Classroom Organization: What’s new this year!

Teaching Elementary instead of Middle Level comes with new strategies.  You’ve seen my “Fill Your Palette” display in which students earn rewards, but with a vastly different schedule and structure to elementary, I had to come up with a few new ways to keep the kids expectations high.  I, of course, post procedures and routines around the room but what stays consistent are my calenders, my goals, and my art jobs.

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This is my goal and job board.  You will see a nice empty spot. This will be where my quote of the week/month/term goes.  I haven’t decided the quote quite yet but I’ll share eventually, of course.

Starting in the left corner, my jobs are as follows:
Topside Team: Clean all counters, table tops, and surfaces.
Dry Rack Deputies: Man the drying rack or drying cupboard – keep everyone’s work safe!
Caddy Control: 60 second walk around at the end of class making sure all erasers, pencils, etc are accounted for and organized.
Sink Shiners: Clean, wash, rinse down the sink and sponges.
“Green” Giants: Manage the recycling in the room – keep us Eco-friendly and living green!
Handout Helpers: Help me handout work or supplies at the beginning of class.
Level Leaders: Remind me when it’s getting too loud!
Chair Checkers: Push in any chairs at the end of the class that someone may have accidentally missed!
I keep these designated by table.  And not every job is used every day.  The dials are on sticky tack so I can rotate the jobs around the job board. What are you classroom jobs? Are you as anal as me and have to have the words match (C&C, etc)?

The entire right side of my board is the “Findley Student Goals”.  It was suppose to be “Findley Student Focus” but I got distracted during it’s creation and it’s not as clever now. Haha.  Because my classes rotate by day, they share boards and I just switch the information back and forth.  At the beginning of class, I ask the students what we’ve been focusing on and I start to jot down their ideas and notes onto the white board.  Then, this is up the remainder of class so when a student loses focus or an adult asks what they are learning – they have a prompt that can help them out.  The boards are strategically placed on hooks so I can remove them easily and erase without trouble.  This works great and students like having the goals flat in front of them.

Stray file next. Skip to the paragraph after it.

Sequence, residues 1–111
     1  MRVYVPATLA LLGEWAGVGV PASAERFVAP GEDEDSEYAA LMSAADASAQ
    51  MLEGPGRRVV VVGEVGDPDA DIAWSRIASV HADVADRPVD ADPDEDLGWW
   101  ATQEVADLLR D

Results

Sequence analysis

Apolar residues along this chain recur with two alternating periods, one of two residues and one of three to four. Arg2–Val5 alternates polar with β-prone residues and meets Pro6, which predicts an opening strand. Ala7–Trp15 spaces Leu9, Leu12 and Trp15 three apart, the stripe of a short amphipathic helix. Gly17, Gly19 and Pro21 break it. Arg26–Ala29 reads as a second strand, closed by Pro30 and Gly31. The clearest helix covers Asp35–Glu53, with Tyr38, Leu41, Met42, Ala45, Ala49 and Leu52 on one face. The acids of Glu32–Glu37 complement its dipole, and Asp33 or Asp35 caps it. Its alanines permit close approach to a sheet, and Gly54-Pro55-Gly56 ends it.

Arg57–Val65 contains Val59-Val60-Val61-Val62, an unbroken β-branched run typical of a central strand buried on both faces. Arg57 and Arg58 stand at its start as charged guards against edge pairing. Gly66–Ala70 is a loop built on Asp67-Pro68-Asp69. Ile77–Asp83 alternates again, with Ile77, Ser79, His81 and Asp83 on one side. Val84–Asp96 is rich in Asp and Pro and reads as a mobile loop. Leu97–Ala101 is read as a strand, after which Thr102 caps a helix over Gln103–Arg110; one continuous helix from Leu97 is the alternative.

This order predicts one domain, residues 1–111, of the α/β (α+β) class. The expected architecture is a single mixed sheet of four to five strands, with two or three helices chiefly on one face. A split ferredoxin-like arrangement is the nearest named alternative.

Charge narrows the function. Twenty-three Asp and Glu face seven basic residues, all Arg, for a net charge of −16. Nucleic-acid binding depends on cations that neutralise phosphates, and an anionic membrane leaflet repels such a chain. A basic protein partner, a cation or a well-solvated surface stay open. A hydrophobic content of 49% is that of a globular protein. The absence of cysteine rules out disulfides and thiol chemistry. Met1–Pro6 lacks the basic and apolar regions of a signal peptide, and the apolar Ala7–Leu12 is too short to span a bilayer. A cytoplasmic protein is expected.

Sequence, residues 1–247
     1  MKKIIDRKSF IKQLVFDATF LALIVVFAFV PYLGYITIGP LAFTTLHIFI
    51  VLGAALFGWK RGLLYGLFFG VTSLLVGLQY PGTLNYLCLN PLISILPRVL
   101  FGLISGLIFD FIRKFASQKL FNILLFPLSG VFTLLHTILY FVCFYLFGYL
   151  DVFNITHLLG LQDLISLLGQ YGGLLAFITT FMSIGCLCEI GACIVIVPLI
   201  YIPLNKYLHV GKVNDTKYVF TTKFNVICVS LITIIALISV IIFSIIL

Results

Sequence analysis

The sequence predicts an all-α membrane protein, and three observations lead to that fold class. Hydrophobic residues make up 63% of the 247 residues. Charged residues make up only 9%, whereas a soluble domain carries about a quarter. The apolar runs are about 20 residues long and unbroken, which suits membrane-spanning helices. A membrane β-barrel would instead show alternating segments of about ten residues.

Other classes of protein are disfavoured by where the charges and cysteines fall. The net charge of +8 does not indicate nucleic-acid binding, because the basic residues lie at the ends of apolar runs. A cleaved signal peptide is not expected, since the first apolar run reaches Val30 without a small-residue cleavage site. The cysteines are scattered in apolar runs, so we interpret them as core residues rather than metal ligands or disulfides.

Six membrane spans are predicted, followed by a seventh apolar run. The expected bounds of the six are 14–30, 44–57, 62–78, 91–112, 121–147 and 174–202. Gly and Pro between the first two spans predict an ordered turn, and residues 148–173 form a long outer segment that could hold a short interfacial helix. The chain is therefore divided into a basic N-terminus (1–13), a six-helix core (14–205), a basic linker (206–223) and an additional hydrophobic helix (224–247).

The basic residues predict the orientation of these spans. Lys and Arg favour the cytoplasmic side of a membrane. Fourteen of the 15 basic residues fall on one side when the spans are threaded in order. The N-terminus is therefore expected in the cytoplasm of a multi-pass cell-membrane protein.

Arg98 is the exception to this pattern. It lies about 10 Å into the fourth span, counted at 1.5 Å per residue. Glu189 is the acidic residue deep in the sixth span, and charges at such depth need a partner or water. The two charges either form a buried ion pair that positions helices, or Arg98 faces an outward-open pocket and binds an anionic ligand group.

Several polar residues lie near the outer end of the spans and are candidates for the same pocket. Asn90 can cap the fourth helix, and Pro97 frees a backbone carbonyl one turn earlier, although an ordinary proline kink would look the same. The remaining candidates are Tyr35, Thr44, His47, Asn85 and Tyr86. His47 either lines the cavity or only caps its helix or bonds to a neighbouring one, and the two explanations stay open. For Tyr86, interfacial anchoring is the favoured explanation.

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This is my calender and control center.  This is new because I finally figured out how to fit my classes logically on a board that included a place for the date, the days and my classes that don’t line up with that.  This picture was taken last week because I’m not timely and forgot to post.  You can gather what comes from this.  It keeps me accountable and let’s the kids know what’s coming.  Friday we don’t have school (PD) so that’s why it’s blank.  My favorite is “Who’s Out?”.  This is for restroom and drinks – I don’t have hall passes and with so many names, this helps me know not only that someone is gone but who it is.


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This is a bonus – not so much organization but I love it.  I am taking a class on Arts Integration 101 for various reasons but the way learning was described in one of the handouts was spot on.  So of course, I had to make posters to go along with it.  From another experience I had with AUSL (look it up – Chicago), I learned how appreciative students are of hand made posters.  So I’ve broken away from the computer and made much more by hand.  It’s true though – students respond and notice it more!  The posters say:

Learning is…
Active: We construct our knowledge from previous experience and understanding.
Experiential: We learn from doing.
Reflective: We learn best from ourselves and our experiences.
Evolving: We experience best by revisiting and revising.
Collaborative: We learn best from each other and working together.
Problem-Solving: We should ask questions, investigate and try all ideas so we learn.

I occasionally reference these posters lately and at the start of my next unit when students are fresh, we will talk about each one and reference a lot more.  I love it.  It’s easy – straight forward – and students can see how you can learn so many ways!


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